U.S. Citizenship and Immigration Services (USCIS) has issued a new version of the Petition for a Nonimmigrant Worker (Form I-129) to include the new fee increases. USCIS will accept previous versions of the form until December 22, 2010. Beginning on December 23, 2010, USCIS will only accept the revised form and will reject previous versions.

Among other changes, the revised I-129 form requires employers who are sponsoring foreign nationals for certain work visas to certify that they have made an export licensing determination regarding each employee sponsored. More specifically, employers must certify that they have evaluated the applicable export control regulations and have determined whether the employee will require an export license to perform the job.

Under the Department of Commerce's export control regulations, the release of technical information to a foreign national is deemed an "export" to that person's country of origin. That remains true even if the foreign national is lawfully employed. Compliance with this "deemed export rule" can be complex. Consult your Alliance of Business Immigration Lawyers attorney to determine how to comply.

Instructions and a link to the revised form (http://www.uscis.gov/files/form/i-129.pdf) are available at http://www.uscis.gov/portal/site/uscis/menuitem.5af9bb95919f35e66f614176543f6d1a/?vgnextoid=f56e4154d7b3d010VgnVCM10000048f3d6a1RCRD.

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5. DOL Hits H-2A Employer With $1.3 Million in Back Wages, $136,500 in Fines

The Department of Labor's Wage and Hour Division (WHD) is assessing J&R Baker Farms LLC of Ellenton, Georgia, $1,311,644 in back wages owed to 244 workers and $136,500 in fines for violating provisions of the H-2A temporary agricultural worker program.

WHD found that the vegetable farm allegedly failed to provide at least 75 percent of the hours promised in the work contract. WHD is asking an administrative law judge to order the farm to pay $1,311,644 in back wages to 148 U.S. workers and 96 H-2A workers and pay a fine of $122,000.

The investigation also discovered that the farm failed to provide a copy of the H-2A work contract at the time of recruitment to 29 U.S. workers who performed the same type of work as the H-2A workers. The Department is recommending a fine of $14,500 for that offense.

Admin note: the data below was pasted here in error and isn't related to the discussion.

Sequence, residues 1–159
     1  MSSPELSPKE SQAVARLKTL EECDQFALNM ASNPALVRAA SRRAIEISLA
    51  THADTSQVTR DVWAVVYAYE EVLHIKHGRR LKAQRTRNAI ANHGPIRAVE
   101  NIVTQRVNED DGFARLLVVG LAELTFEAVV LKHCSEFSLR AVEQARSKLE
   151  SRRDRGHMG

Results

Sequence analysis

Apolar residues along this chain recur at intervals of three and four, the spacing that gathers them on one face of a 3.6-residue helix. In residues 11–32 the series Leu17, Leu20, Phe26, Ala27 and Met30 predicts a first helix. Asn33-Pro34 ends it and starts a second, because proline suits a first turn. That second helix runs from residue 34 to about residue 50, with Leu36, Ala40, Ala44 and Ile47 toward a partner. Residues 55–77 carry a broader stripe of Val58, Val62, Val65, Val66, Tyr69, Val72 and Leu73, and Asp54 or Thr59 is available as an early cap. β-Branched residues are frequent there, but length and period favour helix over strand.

A press release announcing the findings is available at http://www.dol.gov/opa/media/press/whd/WHD20101532.htm.

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6. ABIL Global: Belgian Corporate Immigration

Since September 2009 when the last update on Belgian corporate immigration was published in the ABIL Immigration Insider, Belgian regulations regarding corporate immigration have not been subject to many changes, and the global economic crisis has not led to a change in Belgian corporate immigration legislation.

The rules on the most common work permit, particularly the fast-track work permit B for non EEA[1] highly skilled and executive-level personnel, are summarized below.

1. A fast-track work permit (meaning no resident labor is required) can still be obtained for, among others, highly skilled personnel and executive-level personnel earning a yearly gross salary exceeding a threshold, adapted on a yearly basis:

  • To be considered highly skilled, a foreign employee must have received higher education resulting in a degree, and the yearly gross salary must exceed EUR 36,355 (amount for 2010)/EUR 36,604 (amount for 2011);
  • Executive-level is legally[1] defined as "the people in charge of the daily management of the company, who are authorised to represent and to bind the employer, as well as personnel, immediately under the authority of the people in charge of daily management, if they also carry out tasks of daily management." The yearly gross salary must exceed EUR 60,654 (amount for 2010)/EUR 61,071 (amount for 2011).

    [1]    Act of 4 December 2007 with regard to the labor representative elections in 2008.

This fast-track work permit, valid for one year and renewable, is available for employees who meet the above conditions, regardless of whether they are seconded.